She was born Feb. 4, 1913 in Tuskegee, Ala., to Leona Edwards, a teacher, and James McCauley, a carpenter and builder. Her parents split up when she was 5, causing her mother to move Rosa and her younger brother Sylvester to live with family in Pine Level, a small town near Montgomery.

Some of her early memories were of white people who treated blacks kindly, particularly a Yankee soldier who said she was cute and "treated me like I was just another little girl, not a little black girl," Parks wrote in her 1992 autobiography, " Rosa Parks: My Story".

But she also remembered an old black man named Gus Vaughn who refused to work for whites. And she remembered how her grandfather kept a gun by his side to protect the family against raids by the Ku Klux Klan.

The earliest hint of the fortitude that would bolt her to a bus seat years later may have come when she 10. She had encountered on the road near home a white boy named Franklin, who uttered some offensive words and threatened to hit her. Young Rosa picked up a brick and dared him to strike. Franklin, she recalled, "thought better of the idea and went away."

Her grandmother was horrified by Rosa's behavior. You'll be lynched before you turn 20 if you keep standing up to whites, she scolded.

Parks once speculated that the urge to stand up to oppressors may have come from protecting her little brother from bullies. Whatever the cause, "I do know," she wrote, "that I had a very strong sense of what was fair."

Her mother was her only teacher until she was 11, when she was sent to the Montgomery Industrial School. Founded and staffed by whites to educate black children, the school was burned down twice by arsonists and the faculty was ostracized by the white community.

Parks took academic classes there, as well as some vocational training. But she said the most important lesson she learned "was that I was a person with dignity and self-respect, and I should not set my sights lower than anybody else just because I was black."

She went to high school at a laboratory school run by the Alabama State Teachers College for Negroes, but was forced to drop out to care for her grandmother and later for her mother. She went back to school for her degree in 1933, after she married Raymond Parks, a Montgomery barber.

Raymond Parks was also an activist in the local NAACP and helped raise money to defend the nine black men accused in the Scottsboro rape case, one of the most sensational racial trials of the Depression era. He was the first man aside from her grandfather with whom Parks could discuss racial conditions, and it impressed her that he was not afraid of whites.

After her marriage, Parks held a succession of jobs, from domestic worker to hospital aide. To get to work, she rode the bus, as the majority of blacks did. But black bus passengers had to follow certain rules. The first 10 seats were reserved for whites, even if no whites got on the bus. Blacks had to sit in the back rows or, if those were filled, stand up. If the white section filled up, some drivers ordered blacks to give up their seats.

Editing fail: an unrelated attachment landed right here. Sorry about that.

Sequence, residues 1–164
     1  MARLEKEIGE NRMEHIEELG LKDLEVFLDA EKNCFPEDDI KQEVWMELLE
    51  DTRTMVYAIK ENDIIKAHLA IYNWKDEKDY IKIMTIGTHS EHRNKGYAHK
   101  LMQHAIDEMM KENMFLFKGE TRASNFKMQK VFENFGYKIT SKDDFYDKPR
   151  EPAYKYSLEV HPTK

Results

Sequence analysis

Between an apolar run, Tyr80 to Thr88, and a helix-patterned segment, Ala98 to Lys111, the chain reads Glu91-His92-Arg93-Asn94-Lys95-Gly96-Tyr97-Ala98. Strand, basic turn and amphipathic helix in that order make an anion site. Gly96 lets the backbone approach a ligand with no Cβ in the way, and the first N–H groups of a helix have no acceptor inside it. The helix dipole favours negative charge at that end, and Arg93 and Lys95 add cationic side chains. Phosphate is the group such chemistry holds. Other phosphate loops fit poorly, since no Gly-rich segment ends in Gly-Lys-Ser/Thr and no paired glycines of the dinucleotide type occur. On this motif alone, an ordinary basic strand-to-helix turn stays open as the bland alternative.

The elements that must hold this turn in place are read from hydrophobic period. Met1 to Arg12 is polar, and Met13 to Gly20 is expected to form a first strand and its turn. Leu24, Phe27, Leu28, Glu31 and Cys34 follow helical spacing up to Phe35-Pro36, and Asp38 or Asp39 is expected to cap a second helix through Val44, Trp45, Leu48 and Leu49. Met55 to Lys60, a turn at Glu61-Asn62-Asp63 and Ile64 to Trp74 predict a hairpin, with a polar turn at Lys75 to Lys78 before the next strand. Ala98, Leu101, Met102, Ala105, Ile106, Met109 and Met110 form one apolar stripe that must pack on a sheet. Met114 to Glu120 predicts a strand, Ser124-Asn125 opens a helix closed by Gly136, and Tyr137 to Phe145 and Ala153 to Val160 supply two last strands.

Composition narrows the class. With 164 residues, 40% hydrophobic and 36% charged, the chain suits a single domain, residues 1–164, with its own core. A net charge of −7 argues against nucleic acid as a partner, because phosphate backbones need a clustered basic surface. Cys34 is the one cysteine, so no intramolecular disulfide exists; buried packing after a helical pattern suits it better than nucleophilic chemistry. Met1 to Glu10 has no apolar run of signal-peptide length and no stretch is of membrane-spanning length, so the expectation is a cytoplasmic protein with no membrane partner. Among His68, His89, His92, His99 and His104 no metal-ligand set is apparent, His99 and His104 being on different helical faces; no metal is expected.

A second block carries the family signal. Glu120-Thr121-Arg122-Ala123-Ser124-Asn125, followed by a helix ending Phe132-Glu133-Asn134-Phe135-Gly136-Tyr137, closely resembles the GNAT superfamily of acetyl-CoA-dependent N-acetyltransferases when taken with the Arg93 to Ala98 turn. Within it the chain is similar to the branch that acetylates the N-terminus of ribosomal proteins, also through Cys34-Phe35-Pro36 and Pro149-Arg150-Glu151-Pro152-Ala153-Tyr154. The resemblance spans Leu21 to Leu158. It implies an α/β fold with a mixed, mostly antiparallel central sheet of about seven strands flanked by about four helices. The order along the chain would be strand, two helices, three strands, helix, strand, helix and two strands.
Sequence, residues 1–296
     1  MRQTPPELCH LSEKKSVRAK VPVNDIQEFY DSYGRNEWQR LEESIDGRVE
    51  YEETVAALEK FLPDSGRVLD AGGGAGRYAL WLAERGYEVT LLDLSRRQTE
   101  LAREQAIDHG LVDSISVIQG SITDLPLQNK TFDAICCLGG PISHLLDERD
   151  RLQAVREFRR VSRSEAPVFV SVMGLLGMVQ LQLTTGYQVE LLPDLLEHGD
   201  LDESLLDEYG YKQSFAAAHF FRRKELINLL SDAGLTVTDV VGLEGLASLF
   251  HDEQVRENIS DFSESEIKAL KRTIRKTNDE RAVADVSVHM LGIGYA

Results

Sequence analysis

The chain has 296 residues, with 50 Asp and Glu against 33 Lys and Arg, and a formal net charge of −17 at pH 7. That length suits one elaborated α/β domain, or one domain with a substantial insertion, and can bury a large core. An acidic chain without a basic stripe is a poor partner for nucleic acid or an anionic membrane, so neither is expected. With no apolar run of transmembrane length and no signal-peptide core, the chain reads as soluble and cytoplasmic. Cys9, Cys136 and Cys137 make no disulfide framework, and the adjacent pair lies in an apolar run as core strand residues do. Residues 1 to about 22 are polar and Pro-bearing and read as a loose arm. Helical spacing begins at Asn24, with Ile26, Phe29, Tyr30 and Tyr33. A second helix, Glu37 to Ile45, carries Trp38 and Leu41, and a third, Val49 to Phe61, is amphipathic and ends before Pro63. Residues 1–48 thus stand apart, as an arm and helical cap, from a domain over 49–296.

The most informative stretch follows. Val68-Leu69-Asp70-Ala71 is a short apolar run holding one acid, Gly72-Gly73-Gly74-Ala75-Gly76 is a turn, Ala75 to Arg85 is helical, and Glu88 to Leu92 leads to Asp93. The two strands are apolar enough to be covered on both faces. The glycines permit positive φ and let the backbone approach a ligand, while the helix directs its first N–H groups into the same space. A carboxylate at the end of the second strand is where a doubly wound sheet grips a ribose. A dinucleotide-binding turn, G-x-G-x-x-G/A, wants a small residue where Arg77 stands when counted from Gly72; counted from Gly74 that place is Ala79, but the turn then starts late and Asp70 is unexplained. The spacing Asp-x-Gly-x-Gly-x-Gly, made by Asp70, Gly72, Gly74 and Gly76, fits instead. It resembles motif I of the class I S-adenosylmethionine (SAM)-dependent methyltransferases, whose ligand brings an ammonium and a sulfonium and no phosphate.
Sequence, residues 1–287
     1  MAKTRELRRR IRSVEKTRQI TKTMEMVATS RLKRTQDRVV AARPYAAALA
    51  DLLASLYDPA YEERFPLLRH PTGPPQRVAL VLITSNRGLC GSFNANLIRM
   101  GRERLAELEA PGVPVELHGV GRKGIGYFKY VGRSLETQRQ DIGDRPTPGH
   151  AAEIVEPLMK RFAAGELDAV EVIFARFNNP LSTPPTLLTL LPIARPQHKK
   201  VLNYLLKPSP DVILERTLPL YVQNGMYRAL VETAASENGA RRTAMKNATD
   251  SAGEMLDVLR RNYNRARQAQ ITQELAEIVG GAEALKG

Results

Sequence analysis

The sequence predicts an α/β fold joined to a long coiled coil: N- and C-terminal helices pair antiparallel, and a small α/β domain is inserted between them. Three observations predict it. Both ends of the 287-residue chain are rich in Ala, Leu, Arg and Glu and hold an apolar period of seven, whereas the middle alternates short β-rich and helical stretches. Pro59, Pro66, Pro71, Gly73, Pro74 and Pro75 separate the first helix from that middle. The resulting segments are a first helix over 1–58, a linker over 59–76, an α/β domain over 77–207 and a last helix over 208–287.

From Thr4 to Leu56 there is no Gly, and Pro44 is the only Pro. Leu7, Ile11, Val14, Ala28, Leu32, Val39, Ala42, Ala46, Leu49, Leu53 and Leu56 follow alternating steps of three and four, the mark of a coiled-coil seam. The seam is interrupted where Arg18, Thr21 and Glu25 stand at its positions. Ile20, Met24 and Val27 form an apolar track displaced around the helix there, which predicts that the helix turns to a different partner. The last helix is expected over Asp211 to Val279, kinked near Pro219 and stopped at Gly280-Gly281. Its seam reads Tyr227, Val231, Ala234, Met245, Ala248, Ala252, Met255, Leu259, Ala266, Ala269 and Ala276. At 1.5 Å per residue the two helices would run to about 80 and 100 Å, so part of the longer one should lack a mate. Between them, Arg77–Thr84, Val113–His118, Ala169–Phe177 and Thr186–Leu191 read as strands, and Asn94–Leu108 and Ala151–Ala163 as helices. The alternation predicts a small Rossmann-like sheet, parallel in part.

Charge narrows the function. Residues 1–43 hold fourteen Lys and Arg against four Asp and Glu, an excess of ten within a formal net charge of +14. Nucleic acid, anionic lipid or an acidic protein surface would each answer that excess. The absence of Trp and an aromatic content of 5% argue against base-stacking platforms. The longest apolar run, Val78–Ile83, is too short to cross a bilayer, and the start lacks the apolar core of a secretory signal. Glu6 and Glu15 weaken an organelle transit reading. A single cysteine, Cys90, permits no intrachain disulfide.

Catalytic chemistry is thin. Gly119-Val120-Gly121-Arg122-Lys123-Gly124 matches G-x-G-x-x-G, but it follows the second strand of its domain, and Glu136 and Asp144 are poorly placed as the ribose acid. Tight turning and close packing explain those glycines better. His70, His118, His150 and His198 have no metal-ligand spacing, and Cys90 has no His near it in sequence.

The rules often varied according to the bus driver. Some drivers made black passengers board through the front door to pay their fare, then reenter through the back door to find a seat. If they were unlucky, the bus would take off before they had a chance to get back on.

One day in 1943, Parks boarded a bus to register to vote. But the back of the bus was standing room only, even on the back steps. Instead of stepping off to go to the back door after paying her fare in front, Parks just walked down the aisle.

The driver, James Blake, demanded that she disembark and reenter through the back door. Parks got off, but instead of reboarding she waited for the next bus. She swore to herself never to ride with that driver again.

But on a winter evening 12 years later, after a long day at work, Parks got on a bus to go home, forgetting to check who was behind the wheel.

She was by then an active member of the NAACP and a recent graduate of Highlander Folk School in Tennessee, a training ground for civil rights workers where whites served her meals and studied side by side with her as herequal.

When she got off work on that December evening. she was preoccupied with final arrangements for an upcoming NAACP workshop. She paid her fare before she noticed that the driver was Blake.

She saw an empty seat in the middle of the bus--"no man's land"-- and took it. At the next stop, the white section filled up and one white passenger was left standing. Blake turned around and said to Parks and the other three blacks in the front rows of the black section, "Let me have those front seats."